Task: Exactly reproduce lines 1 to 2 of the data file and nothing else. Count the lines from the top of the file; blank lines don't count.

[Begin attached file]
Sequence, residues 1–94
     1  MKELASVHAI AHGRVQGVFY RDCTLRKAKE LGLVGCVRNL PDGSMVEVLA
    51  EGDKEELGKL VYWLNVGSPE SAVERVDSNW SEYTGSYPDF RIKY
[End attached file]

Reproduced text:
Sequence, residues 1–94
     1  MKELASVHAI AHGRVQGVFY RDCTLRKAKE LGLVGCVRNL PDGSMVEVLA